Review: Creeks & Harbours of Port Phillip

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First published in 1986 and now in its’ fourth edition (updated in 2010) Creeks and Harbours of Port Phillip is one in a series of three guides written by Richard Hawkins. Other guides in the Victorian series cover the creeks and harbours of Western Port as well as The Gippsland Lakes and Eastern Gippsland.

Known variously as Port Phillip Bay, Port Phillip or just The Bay, the stretch of water that Melburnians use as their playground offers a number of challenges inherent with leisure boating at latitude 38 degrees South. Weather systems rolling in from Bass Strait are an obvious challenge in a waterway that is also home to one of the busiest ports in Australia. So it makes sense that Hawkins sensibly devotes the early chapters to weather, tides and search and rescue.

With approximately 200nm of navigable coastline in The Bay, Hawkins has overcome the somewhat daunting task to draw or describe every one of them.The guide inclusively covers the entire Port Phillip waterway between The Rip in the south to the Johnston St Bridge on the Yarra through to the Canning St Bridge on the Maribyrnong River.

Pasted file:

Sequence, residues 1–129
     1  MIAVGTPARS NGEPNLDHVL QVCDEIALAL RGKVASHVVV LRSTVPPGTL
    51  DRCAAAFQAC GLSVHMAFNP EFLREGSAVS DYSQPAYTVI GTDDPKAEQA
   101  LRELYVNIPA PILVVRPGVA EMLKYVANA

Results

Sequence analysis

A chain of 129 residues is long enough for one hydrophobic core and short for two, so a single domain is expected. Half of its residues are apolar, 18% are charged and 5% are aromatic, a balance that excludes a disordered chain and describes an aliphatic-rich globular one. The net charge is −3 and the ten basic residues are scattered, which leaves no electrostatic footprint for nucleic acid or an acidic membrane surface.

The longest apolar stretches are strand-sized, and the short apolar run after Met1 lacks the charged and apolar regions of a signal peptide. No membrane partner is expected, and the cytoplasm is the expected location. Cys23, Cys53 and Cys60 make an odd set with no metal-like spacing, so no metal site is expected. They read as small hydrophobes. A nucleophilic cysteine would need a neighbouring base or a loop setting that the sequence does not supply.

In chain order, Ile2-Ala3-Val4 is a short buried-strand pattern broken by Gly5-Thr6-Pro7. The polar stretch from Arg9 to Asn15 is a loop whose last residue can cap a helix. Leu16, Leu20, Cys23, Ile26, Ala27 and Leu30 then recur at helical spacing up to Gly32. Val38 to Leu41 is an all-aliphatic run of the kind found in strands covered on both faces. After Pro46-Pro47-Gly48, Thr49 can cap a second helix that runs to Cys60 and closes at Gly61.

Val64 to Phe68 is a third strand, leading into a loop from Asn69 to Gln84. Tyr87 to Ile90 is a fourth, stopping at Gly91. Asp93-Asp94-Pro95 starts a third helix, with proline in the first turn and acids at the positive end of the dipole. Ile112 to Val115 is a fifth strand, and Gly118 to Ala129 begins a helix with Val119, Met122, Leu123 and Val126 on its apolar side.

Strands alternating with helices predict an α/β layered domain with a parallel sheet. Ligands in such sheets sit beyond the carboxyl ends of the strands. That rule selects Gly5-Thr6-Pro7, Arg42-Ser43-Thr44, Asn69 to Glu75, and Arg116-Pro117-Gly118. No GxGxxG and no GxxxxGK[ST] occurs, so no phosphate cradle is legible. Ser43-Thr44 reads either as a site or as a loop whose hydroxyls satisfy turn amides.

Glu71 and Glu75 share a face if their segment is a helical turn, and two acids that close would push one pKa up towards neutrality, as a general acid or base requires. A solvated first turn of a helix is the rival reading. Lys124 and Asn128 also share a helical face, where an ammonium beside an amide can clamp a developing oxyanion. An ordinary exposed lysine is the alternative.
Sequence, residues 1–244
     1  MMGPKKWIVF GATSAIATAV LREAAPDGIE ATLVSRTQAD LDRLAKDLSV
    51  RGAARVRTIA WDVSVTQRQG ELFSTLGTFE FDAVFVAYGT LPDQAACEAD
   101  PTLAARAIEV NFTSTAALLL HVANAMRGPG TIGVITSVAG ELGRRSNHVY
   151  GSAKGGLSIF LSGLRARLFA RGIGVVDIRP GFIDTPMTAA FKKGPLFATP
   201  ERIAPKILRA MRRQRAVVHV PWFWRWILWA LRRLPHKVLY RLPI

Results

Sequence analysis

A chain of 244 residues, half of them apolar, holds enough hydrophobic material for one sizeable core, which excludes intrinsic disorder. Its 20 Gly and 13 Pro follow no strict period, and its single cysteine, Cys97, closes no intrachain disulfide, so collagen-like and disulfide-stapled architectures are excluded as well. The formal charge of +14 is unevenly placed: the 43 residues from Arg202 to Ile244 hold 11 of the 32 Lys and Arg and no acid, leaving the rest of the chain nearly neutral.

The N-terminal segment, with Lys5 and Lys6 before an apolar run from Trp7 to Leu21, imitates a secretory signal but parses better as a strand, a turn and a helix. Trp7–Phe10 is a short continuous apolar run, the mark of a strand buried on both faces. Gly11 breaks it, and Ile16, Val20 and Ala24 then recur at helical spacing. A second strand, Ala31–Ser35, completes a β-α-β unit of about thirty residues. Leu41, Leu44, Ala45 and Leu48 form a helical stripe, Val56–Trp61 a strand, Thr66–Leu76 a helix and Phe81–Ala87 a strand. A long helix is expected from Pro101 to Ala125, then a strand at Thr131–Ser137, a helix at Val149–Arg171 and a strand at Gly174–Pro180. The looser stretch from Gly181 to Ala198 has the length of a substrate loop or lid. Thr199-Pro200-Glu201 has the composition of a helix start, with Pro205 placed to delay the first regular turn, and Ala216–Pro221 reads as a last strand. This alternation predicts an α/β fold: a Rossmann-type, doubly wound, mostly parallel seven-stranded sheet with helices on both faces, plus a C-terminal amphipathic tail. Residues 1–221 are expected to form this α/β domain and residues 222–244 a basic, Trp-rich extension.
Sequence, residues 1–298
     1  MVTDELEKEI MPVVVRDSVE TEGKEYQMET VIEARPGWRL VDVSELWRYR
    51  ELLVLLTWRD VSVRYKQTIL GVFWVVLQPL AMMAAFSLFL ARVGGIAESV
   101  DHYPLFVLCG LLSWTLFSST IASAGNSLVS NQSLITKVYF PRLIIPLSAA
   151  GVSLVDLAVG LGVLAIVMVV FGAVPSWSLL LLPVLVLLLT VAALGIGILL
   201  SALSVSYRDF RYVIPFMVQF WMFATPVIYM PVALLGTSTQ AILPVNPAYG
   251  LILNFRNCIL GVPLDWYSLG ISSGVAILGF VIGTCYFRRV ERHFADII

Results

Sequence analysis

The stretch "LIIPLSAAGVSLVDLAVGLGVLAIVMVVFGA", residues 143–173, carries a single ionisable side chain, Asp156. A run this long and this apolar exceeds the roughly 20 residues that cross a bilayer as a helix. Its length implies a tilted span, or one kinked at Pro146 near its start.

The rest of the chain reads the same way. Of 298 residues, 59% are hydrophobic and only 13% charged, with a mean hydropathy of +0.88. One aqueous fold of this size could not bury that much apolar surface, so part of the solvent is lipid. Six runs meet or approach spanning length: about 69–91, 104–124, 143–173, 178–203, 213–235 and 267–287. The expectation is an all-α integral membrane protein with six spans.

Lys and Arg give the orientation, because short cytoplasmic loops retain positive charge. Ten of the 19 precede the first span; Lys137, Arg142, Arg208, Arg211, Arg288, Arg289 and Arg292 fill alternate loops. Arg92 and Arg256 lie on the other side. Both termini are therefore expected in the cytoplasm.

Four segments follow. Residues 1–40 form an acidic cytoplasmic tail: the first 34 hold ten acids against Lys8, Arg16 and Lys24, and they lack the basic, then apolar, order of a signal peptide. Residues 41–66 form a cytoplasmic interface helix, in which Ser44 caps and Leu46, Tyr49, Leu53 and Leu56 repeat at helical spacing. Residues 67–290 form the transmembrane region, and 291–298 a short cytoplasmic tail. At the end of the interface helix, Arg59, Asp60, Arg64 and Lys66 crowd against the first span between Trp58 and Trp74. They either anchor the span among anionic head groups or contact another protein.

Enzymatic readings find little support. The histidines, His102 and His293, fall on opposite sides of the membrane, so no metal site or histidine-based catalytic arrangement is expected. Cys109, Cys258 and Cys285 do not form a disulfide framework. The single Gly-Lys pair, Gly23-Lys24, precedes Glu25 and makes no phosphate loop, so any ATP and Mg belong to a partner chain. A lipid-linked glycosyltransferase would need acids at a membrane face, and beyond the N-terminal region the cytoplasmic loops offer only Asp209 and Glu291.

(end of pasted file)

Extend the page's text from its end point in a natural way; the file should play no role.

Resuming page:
Hawkins is clearly a fan of John Masefield and takes the opportunity to indulge in his passion by including some of Masefield’s Salt Water Ballads throughout the text.The poetry serves to add some welcome light relief after Hawkins clearly translates the seemingly complex navigation such as the light systems at Port Phillip Heads.Pleasingly for boaters who use store their boats on trailers, a list of boat launching ramps.Bird spotters are not forgotten either with a complete chapter contributed by Val Curtis.

Hawkins has produced a smart publication with clearly read maps and enough interesting titbits to make for general reading even when not onboard your boat.Produced in a clever landscape format, the guide is obviously intended to be used onboard: it is clearly up to the challenge.

Verdict: Highly recommended